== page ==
The main problem with picking up very familiar tropes and running with them is that everyone knows what to expect. Therefore, unless you get it very, very right any faults you have in your structure will be glaring. It is ironic – and slightly counter-intuitive – that the safer option is to actually brave the waves and run with an original idea. You cannot be blamed of not doing something right if you are the completely original author of that something. This may well have been the trouble with Little Accidents. As director Sara Colangelos’ first feature, perhaps shyness was part of the mix. It tries to be a film characterised by shades of grey and deep pathos that describes the complexities of living in a small town, but has neither a completely original take nor a completely flawless execution, and so it ends up drifting in a kind of no man’s land.
Little Accidents is the story of a small mining town. The community is closely knit, none of the relationships are as simple as they look and all the inhabitants’ lives are very much intertwined. This is why a mining accident where 10 men lose their lives has further reaching affects than anyone could have expected. As the authorities begin the inevitable enquiries as to what happened and why, the executives running the mine, the families of the lost miners and Amos Jenkins, (Boyd Holbrook) lone survivor of the accident, all get entangled in an increasingly dark web of intrigue.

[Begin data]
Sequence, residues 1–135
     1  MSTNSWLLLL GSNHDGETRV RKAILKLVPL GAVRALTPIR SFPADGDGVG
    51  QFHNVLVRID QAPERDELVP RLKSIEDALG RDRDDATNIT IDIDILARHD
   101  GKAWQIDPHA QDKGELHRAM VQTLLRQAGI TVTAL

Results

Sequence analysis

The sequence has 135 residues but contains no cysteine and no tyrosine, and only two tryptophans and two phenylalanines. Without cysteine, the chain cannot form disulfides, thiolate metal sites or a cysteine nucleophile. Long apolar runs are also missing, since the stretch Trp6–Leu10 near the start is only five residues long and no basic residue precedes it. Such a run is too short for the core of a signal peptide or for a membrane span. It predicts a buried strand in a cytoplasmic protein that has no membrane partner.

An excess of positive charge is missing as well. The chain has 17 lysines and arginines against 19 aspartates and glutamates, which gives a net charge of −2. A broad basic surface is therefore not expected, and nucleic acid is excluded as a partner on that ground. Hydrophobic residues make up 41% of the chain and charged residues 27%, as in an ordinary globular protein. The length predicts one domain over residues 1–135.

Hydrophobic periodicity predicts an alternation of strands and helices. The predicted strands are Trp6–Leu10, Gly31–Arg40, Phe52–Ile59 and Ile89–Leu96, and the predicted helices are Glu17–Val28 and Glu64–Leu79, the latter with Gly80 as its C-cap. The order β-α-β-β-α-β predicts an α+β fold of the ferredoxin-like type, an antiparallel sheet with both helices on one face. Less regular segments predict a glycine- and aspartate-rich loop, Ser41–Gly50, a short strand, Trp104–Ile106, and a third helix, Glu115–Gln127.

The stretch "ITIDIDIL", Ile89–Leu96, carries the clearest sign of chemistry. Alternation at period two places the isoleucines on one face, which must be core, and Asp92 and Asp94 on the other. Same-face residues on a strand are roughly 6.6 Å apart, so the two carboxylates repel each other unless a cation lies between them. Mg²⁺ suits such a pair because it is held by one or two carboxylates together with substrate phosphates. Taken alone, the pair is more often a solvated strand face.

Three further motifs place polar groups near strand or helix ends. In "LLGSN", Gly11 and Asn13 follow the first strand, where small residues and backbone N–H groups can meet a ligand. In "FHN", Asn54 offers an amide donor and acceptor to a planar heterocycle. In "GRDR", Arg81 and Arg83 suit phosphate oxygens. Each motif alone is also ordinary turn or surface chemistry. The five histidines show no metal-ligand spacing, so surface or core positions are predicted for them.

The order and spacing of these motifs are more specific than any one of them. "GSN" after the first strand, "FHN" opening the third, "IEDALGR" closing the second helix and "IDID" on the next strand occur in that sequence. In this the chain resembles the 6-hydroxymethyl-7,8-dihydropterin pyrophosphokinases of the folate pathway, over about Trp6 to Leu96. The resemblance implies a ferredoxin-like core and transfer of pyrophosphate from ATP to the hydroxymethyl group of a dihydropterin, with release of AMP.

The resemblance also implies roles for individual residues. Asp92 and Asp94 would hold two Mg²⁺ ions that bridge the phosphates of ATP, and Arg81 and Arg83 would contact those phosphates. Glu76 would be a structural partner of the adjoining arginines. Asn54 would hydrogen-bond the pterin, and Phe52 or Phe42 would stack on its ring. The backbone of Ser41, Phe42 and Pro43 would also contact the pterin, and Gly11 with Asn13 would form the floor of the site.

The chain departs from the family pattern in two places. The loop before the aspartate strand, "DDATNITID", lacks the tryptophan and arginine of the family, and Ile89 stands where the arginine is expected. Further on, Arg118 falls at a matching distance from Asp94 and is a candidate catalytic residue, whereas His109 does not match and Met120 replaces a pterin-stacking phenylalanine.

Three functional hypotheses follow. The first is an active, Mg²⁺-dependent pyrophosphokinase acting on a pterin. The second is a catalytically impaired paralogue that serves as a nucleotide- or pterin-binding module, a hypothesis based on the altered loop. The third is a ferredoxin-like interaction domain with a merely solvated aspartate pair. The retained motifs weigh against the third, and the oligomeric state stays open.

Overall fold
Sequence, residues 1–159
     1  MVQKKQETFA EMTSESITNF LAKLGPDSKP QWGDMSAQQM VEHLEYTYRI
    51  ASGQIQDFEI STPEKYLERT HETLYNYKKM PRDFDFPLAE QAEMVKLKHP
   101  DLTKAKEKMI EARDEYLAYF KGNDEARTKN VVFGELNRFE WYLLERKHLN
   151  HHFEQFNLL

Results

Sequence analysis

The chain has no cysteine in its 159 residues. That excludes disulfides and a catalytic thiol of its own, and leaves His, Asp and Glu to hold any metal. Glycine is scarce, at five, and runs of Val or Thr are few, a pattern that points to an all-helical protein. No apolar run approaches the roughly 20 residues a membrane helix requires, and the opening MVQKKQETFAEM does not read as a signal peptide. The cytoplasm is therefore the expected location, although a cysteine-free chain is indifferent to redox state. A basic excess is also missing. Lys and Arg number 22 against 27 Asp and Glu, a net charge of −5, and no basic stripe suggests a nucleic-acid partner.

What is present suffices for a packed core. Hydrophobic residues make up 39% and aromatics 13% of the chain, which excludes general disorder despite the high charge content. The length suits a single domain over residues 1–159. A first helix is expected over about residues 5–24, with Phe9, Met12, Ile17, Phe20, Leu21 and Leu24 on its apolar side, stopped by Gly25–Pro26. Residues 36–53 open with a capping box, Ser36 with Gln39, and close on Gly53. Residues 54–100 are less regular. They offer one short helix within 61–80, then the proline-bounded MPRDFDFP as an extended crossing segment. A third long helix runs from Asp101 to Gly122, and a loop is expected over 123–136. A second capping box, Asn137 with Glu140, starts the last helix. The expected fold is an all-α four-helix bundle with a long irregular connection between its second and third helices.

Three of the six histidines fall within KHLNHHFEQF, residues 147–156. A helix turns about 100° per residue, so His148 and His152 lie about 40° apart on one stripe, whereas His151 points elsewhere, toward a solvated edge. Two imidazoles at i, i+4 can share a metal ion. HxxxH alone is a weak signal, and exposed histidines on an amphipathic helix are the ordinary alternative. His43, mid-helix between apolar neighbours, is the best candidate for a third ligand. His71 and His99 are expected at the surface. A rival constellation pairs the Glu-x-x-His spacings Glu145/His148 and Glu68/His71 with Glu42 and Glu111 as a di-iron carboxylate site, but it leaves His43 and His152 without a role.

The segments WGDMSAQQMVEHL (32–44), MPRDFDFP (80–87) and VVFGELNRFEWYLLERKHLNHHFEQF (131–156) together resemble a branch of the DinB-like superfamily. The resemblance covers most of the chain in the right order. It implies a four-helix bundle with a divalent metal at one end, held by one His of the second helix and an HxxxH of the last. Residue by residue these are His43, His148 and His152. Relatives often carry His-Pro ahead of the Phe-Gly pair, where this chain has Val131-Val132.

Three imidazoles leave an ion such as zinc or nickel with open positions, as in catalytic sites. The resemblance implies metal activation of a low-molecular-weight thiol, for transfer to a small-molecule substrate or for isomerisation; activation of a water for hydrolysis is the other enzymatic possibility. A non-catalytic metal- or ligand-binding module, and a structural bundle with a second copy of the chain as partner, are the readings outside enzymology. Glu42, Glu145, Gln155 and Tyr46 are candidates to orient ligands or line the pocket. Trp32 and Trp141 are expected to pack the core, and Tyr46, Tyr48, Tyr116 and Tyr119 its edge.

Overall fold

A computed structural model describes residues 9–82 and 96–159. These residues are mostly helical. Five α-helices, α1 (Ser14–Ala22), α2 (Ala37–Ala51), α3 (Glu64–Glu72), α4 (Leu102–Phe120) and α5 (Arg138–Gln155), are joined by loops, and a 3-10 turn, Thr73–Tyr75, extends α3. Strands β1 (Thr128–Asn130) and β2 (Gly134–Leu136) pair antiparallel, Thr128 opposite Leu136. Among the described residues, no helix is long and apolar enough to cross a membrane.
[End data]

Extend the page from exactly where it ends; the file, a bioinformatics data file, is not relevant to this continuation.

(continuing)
Technically, the cinematography does its part admirably; dominated by shades of grey, it sustains a moody and brooding atmosphere throughout. The tone is in keeping with the tragedy that has taken place in the town and forms a good backdrop to the turmoil Amos is going through. Namely, he is caught between two sides, the townsfolk and miners families that are his friends and neighbours and the executives who ran the mine. The idea is that the three sides are drawn progressively closer and closer, until the climax of the film, which hinges largely on Amos’ witness statement as the key piece of evidence in the investigation pertaining to the accident.
In depicting this conflict, the film does a very good job of outlining the relationship Amos has with his own community in the shape of his father and Owen (Jacob Lofland) the son of one of the dead miners. However, it falls flat when it tries to portray the counterbalancing relationship. This is done through a love affair that begins between Amos and the wife of one of the executives working in the mine (Elizabeth Banks). This relationship begins hurriedly and lacks believability throughout. In fact it gives the impression it was written because someone thought the story needed a love interest at all costs. It is principally this missing wing that prevents it from taking off and truly soaring.
One is left with the sensation that the story is a few re-writes away from something truly interesting. This is a real shame because while it had the potential to be a strong film, Little Accidents will doubtless sink into the annals of film history without making much of a splash.
Little Accidents is out on DVD and VOD from the 28th of September 2015